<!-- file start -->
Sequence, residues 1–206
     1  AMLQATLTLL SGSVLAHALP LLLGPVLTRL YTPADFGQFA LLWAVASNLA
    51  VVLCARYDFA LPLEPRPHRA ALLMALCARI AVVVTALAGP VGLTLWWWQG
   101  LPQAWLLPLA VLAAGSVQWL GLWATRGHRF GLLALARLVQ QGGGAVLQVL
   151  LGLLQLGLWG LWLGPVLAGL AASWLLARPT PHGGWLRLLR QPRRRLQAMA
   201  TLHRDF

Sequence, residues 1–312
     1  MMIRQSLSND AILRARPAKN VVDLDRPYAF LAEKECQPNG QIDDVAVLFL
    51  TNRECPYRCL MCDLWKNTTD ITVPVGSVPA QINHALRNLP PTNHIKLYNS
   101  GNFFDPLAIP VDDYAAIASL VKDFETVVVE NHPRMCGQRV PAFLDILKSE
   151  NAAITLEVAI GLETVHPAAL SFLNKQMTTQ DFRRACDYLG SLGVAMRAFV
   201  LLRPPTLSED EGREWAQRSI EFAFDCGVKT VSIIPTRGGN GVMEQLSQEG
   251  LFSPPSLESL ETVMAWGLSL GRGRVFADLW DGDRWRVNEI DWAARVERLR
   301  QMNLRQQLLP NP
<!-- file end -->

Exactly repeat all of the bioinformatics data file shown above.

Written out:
Sequence, residues 1–206
     1  AMLQATLTLL SGSVLAHALP LLLGPVLTRL YTPADFGQFA LLWAVASNLA
    51  VVLCARYDFA LPLEPRPHRA ALLMALCARI AVVVTALAGP VGLTLWWWQG
   101  LPQAWLLPLA VLAAGSVQWL GLWATRGHRF GLLALARLVQ QGGGAVLQVL
   151  LGLLQLGLWG LWLGPVLAGL AASWLLARPT PHGGWLRLLR QPRRRLQAMA
   201  TLHRDF

Sequence, residues 1–312
     1  MMIRQSLSND AILRARPAKN VVDLDRPYAF LAEKECQPNG QIDDVAVLFL
    51  TNRECPYRCL MCDLWKNTTD ITVPVGSVPA QINHALRNLP PTNHIKLYNS
   101  GNFFDPLAIP VDDYAAIASL VKDFETVVVE NHPRMCGQRV PAFLDILKSE
   151  NAAITLEVAI GLETVHPAAL SFLNKQMTTQ DFRRACDYLG SLGVAMRAFV
   201  LLRPPTLSED EGREWAQRSI EFAFDCGVKT VSIIPTRGGN GVMEQLSQEG
   251  LFSPPSLESL ETVMAWGLSL GRGRVFADLW DGDRWRVNEI DWAARVERLR
   301  QMNLRQQLLP NP